RCVS recognised specialist in Veterinary Dermatology, dermatologyreferrals.co.uk, South East England
Anita Patel runs a busy dermatology referral service in the South East of England and is Royal College of Veterinary Surgeons recognised specialist in Veterinary Dermatology. She is immensely experienced, gaining her certificate (Cert. SAD) in 1993 and her Diploma in 2002. She has dedicated the last 20 years exclusively to small animal dermatology and was elected as a Fellow of the Royal Society for her contribution to the clinical practice of veterinary dermatology in 2018.
Anita co-authored a case-based textbook on small animal dermatology in the “Saunders solutions in veterinary practice” series, which has been translated into four other languages, as well as writing chapters in various dermatology text books. She has published papers in refereed and peer reviewed journals and is actively involved in all aspects of dermatology with a special interest in Feline Dermatology.
Anita lectures in the UK and internationally. She is involved in teaching dermatology in Europe, China and South east Asia through the European school of advanced veterinary studies. Anita also lectures in Africa and provides online dermatology to vets in Kenya through Kenya veterinary dermatology study group that she helped start up.
Anita Patel is speaking at the following sessions
The magic of the practice microscope: how YOU can help both the pet and the vet
The microscope is one of the most useful pieces of equipment in the practice for investigating skin cases. Many of the investigations can be carried out by nurses to aid both the vet and the patient.
Often, vets are pushed for time and are unable to perform in house investigations there and then. Many of these investigations can be easily passed onto the nurse to perform the tests. The time needed to providing better targeted treatment is thus shortened, which is in the best interest of both the patient and the vet.
The lecture will show you the sampling techniques for trichography, skin scrapings and skin cytology; and what you might find under the microscope lens to help the vet make a diagnosis.
Allergies in dogs: Drawbacks to relying on allergy testing
Allergic skin diseases are some of the most common skin conditions seen in general practice. Reaching a diagnosis is generally a complex process, which can lead to misdiagnosis and to unnecessary lifelong treatment.
Over the last decade, new diagnostic tests for food and environmental allergens are offered by laboratories, yet we fail to make a definitive diagnosis in many cases. Some of the reasons may the lack of standardisation in allergen selection and lack of international standards, which result in poor inter-laboratory comparability, because of the different methodologies and reference ranges used. Other reasons for misdiagnoses include inappropriate drug withdrawal, seasonal variations in the allergens and the presence of IgE antibodies against cross-reactive carbohydrate determinants etc.
This lecture highlights the limitations of the available diagnostic tests and the drawbacks of relying on laboratory test results alone. It will discuss how to interpret test results correctly, taking into consideration the patient history, clinical signs and exposure.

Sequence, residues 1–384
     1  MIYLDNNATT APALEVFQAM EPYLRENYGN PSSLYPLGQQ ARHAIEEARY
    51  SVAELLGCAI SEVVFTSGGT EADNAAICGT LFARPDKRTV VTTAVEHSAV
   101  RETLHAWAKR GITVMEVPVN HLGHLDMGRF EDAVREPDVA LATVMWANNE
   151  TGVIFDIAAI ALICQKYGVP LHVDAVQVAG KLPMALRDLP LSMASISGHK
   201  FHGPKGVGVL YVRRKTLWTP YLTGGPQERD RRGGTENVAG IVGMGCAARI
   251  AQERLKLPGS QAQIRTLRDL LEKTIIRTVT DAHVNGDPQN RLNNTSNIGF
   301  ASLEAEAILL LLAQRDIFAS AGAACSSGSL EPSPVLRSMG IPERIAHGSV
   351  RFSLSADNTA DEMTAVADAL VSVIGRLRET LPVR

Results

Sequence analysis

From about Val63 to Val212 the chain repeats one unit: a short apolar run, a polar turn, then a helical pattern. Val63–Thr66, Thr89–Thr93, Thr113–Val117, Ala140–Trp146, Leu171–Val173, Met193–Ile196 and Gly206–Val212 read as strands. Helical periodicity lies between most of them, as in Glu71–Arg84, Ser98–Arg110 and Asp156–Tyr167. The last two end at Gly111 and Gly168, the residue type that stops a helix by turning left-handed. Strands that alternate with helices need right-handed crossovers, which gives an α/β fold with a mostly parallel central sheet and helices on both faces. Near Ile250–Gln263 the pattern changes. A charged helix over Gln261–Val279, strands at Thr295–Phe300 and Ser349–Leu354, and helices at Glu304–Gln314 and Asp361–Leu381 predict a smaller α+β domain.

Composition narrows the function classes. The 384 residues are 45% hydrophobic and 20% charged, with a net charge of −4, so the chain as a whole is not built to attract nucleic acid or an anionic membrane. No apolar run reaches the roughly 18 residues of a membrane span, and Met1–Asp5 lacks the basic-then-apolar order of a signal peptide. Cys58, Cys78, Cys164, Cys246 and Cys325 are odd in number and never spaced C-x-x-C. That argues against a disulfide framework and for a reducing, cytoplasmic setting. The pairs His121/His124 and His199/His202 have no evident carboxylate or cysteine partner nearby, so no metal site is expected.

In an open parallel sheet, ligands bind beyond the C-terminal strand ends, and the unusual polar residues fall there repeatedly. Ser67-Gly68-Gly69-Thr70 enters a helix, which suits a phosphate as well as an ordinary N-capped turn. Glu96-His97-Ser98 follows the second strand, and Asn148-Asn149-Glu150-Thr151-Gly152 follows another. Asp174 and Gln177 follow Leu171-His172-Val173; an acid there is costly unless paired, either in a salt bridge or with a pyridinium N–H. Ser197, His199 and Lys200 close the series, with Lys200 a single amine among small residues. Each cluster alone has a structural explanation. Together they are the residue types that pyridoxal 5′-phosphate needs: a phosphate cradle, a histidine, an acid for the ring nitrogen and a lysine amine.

Allergies in dogs: Incurable but manageable, how?
Atopic dermatitis is an incurable, but a manageable, inflammatory and pruritic skin condition. It has complex pathomechanisms requiring a multimodal approach to its treatment and management. This approach includes treating and managing recurrent infections, controlling pruritus, taking preventative measures and managing owner compliance and expectations.
Depending on the severity of the clinical signs, symptomatic treatment and/or preventative measures may be implemented. Preventative measures include allergen-specific immunotherapy, maintenance of the epidermal barrier and allergen avoidance. Symptomatic treatments to manage pruritus include the use of oclacitinib, lokivetmab, glucocorticoids and ciclosporin.
Other treatments, which include prescribing antihistamines, essential fatty acid supplements, shampoo treatments and specific diets, are also used concurrently in the multimodal approach for the management of atopic dermatitis.
This lecture discusses the reactive measures when dealing with acute and chronic atopic dermatitis and taking proactive measures that could reduce the incidence and severity of flare-ups.
Itchy cat: Is it atopic?
Atopic dermatitis is not well defined in the cat. To come to a final diagnosis of atopic dermatitis, all the other causes of pruritus in the cat need to be excluded in a systematic manner. Unlike in the dog, atopic dermatitis in the cat is poorly defined for several reasons:
- The condition can manifest itself as form of reaction patterns seen in many other diseases. The reaction patterns seen in the cat are miliary dermatitis, symmetrical alopecia, eosinophilic granuloma complex, which is subdivided into indolent ulcer, linear granuloma, eosinophilic plaque, and finally head and neck pruritus.
- Clear distribution patterns are not seen
- The role of IgE in feline atopic dermatitis has not been fully established
Many other conditions can result in pruritus and these reaction patterns. Ectoparasites, food induced hypersensitivity dermatitis (FIHD) and flea bite hypersensitivity (FBH) can all manifest similar clinical signs.
This lecture discusses the need for a systematic approach to reach that final diagnosis of non-flea, non-food induced hypersensitivity (NFNFIH). A subset of these cats may have IgE antibodies against environmental allergens where we can make that final diagnosis of atopic dermatitis.